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Like a younger, more innocent Carmen, Annie is a figure that transcends culture, time, and place.
Just as opera’s most notorious heroine has surpassed the 19th-century French context in which she was born, so Little Orphan Annie has had a wide-ranging life since her birth in the Depression.
Whereas Carmen became a cultural fixture through her transition from the pages of a magazine to the world’s opera stages, Annie became everyone’s favorite orphan when Harold Gray’s comic strip inspired the Tony Award-winning musical. And as Carmen has her musical signature, the sultry aria known as the “Habanera,” so Annie has her trademark song, the sunny anthem “Tomorrow.”
My introduction to the character came via the 1982 Columbia Pictures film starring Albert Finney as Daddy Warbucks, Carol Burnett as Miss Hannigan and Aileen Quinn in the title role.
From that point on, I loved all things Annie.
I saved up my allowance to buy the soundtrack on vinyl, I was Annie for Halloween, and, when the touring version of the Broadway show came to my hometown, I begged my parents to go. My fandom reached a fever pitch when I came up with the idea for a new adaptation of my beloved musical: "Little AfroAnnie." Inspired by Annie’s transition from straight to curly hair, I took the next step and dared to reimagine her as a little black girl.
While my desire to see myself in this story was partially addressed by Disney’s 1999 made-for-TV version, which featured Audra McDonald in the role of Grace Farrell, Oliver Warbucks’ right-hand woman and love interest, it promises to be fully realized by the high-profile Sony/Columbia Pictures remake. Produced by Jada Pinkett Smith, Will Smith, and Shawn “Jay-Z” Carter, this version stars Jamie Foxx as mayoral candidate Will Stacks, Cameron Diaz as foster mom Miss Hannigan, and Quvenzhané Wallis as the “young, happy foster kid who’s also tough enough to make her way on the streets of New York in 2014.”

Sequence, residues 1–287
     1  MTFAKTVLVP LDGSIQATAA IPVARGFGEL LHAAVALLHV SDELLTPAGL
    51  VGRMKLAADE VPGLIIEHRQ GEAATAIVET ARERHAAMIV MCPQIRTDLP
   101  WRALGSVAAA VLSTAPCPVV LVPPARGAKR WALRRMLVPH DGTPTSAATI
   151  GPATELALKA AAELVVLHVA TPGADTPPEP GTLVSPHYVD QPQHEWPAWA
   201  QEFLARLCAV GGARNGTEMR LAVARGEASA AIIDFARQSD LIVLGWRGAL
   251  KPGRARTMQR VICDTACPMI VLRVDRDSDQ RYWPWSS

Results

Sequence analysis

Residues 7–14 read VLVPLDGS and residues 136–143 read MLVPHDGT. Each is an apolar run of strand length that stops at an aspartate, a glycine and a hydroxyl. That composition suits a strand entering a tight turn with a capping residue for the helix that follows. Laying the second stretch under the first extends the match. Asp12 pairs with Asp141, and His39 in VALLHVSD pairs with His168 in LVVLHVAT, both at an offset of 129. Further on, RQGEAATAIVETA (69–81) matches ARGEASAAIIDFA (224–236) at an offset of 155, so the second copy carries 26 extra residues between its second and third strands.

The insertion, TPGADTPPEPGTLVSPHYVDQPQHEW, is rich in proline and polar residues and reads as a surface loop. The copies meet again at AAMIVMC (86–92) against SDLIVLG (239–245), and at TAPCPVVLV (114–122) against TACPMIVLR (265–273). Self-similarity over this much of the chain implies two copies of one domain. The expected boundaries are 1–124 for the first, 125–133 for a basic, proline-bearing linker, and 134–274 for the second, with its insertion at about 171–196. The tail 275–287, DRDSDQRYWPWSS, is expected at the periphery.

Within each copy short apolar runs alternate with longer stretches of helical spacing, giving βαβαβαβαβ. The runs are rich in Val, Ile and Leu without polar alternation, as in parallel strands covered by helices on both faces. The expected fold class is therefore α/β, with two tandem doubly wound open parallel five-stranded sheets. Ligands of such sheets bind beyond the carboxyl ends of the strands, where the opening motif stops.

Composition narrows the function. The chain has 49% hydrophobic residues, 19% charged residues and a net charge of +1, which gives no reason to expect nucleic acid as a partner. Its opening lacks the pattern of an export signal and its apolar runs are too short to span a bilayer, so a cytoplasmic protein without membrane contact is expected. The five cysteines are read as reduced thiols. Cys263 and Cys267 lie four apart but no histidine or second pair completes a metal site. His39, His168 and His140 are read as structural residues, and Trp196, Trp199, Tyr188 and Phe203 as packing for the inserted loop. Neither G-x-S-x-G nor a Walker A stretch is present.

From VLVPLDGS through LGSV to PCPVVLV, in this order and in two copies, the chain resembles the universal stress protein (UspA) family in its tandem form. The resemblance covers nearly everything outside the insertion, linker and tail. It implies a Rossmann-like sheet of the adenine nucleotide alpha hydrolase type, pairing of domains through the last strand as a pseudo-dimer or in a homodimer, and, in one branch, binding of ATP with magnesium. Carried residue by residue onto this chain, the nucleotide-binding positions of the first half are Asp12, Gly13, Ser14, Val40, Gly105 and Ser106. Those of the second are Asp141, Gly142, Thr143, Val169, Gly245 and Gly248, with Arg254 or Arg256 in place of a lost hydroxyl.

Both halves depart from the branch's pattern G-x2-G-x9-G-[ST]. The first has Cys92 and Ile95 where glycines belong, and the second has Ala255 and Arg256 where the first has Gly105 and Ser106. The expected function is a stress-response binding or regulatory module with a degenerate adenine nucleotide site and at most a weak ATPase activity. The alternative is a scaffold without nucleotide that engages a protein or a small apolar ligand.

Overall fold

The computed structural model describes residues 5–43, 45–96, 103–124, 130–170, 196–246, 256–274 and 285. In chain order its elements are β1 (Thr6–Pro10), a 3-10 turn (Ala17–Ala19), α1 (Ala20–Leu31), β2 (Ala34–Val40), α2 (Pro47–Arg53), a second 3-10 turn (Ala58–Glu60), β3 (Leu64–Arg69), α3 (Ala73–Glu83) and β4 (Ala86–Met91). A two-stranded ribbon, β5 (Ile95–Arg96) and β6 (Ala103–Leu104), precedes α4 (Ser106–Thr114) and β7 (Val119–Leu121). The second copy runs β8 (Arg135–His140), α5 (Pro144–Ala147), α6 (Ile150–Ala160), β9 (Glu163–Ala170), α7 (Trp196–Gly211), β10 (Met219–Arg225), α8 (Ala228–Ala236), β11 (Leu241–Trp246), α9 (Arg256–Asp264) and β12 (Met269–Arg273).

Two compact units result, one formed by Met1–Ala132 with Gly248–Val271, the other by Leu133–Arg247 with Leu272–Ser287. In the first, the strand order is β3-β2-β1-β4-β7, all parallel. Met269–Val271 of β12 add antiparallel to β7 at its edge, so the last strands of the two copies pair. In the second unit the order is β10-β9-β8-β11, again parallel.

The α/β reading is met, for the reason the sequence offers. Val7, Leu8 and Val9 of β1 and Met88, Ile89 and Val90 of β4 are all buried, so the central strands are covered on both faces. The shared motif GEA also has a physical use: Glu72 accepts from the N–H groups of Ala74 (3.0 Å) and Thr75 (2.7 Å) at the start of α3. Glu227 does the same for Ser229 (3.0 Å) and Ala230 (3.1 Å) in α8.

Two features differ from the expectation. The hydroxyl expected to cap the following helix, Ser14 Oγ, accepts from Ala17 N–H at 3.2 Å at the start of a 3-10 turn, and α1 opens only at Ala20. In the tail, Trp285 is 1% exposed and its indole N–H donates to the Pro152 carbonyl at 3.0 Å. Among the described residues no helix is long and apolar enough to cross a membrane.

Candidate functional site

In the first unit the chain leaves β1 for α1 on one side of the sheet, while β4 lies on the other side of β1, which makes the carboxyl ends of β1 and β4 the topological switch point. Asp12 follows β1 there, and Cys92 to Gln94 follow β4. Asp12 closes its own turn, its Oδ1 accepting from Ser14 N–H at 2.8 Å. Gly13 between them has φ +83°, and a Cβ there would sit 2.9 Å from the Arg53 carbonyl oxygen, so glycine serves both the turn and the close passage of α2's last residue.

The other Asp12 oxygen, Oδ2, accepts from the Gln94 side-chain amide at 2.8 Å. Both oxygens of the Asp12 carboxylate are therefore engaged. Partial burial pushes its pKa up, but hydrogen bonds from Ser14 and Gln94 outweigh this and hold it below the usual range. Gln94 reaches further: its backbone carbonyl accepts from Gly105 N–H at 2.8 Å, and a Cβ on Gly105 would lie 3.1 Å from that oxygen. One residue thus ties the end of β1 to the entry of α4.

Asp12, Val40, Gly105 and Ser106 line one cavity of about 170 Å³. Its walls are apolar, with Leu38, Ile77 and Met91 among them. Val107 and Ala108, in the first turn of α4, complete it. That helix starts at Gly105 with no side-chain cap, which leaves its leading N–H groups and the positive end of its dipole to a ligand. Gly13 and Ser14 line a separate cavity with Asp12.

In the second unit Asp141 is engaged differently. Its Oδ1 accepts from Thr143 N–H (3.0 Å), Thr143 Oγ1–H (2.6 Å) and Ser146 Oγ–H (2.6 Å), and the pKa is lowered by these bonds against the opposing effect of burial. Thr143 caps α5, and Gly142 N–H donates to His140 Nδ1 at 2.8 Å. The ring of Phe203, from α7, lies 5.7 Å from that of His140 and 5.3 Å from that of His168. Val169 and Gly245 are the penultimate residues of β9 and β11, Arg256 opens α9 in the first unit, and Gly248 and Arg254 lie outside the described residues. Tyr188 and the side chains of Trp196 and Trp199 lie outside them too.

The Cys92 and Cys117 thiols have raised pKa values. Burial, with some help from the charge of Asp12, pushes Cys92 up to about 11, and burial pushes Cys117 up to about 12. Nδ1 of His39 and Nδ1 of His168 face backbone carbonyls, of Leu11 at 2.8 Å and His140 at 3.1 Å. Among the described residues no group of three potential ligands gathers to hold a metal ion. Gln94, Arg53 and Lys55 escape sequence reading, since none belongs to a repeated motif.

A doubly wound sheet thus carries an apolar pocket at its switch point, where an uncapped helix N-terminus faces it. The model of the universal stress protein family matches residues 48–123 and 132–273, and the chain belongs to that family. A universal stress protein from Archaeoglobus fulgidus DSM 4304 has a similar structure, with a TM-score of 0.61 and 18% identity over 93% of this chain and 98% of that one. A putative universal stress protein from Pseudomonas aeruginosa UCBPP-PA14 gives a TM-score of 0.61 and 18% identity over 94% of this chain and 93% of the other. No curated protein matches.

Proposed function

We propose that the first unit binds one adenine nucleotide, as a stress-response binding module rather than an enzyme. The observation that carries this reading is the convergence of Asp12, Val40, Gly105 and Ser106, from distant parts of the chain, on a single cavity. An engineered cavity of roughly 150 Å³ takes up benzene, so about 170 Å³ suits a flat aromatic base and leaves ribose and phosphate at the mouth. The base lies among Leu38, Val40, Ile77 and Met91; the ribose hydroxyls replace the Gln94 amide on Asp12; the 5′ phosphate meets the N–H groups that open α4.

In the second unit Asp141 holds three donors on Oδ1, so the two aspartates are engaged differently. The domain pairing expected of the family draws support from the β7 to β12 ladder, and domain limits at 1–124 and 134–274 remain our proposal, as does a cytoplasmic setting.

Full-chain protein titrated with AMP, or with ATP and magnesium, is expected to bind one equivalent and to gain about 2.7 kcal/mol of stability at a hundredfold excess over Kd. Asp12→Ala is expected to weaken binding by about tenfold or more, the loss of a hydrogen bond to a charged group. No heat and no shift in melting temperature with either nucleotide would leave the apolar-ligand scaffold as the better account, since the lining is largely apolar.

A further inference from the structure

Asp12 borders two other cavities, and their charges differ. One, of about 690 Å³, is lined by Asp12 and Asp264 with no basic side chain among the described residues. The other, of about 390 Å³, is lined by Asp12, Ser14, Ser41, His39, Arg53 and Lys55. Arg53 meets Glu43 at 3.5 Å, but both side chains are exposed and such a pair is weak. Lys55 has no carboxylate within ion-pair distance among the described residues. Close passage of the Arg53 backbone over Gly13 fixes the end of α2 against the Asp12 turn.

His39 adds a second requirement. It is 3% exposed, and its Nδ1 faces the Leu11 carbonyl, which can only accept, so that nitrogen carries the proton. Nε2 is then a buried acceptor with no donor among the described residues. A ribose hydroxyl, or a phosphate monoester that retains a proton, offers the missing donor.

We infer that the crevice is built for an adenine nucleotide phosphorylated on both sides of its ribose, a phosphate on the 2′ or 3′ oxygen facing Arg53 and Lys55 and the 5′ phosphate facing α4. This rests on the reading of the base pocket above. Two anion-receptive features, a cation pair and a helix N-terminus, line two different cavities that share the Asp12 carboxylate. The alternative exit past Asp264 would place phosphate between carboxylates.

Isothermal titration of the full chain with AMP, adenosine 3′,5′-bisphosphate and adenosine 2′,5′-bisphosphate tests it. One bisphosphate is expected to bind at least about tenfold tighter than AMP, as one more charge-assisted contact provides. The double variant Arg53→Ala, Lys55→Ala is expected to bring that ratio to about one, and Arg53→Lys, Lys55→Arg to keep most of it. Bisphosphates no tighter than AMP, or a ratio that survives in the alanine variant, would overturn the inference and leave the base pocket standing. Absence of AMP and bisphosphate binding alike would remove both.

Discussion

This is the Annie my 9-year-old self longed to see.
It is not, however, an ethnically marked version, and for that I am now grateful. When imagining Annie with a twist, what I wanted was not a character who could only be African-American but one who could be African-American, period.
As novelists Toni Morrison and Walter Dean Myers and filmmakers Gina Prince-Blythewood and Malcolm Lee have all noted so eloquently, diversity in literature and film is important because it allows people of color to encounter not only characters who resemble their white peers but also those who look like them.
If Annie is anything, she is a New Yorker, and, should the character go on to have an existence as long as Carmen, I hope one day to see more versions that reflect the diversity of the U.S.’ largest city. To this date the musical has been "translated into 28 languages” and performed “in 34 different countries.”
Who’s to say an Annie who is Korean American or one who is Dominican American can’t be next?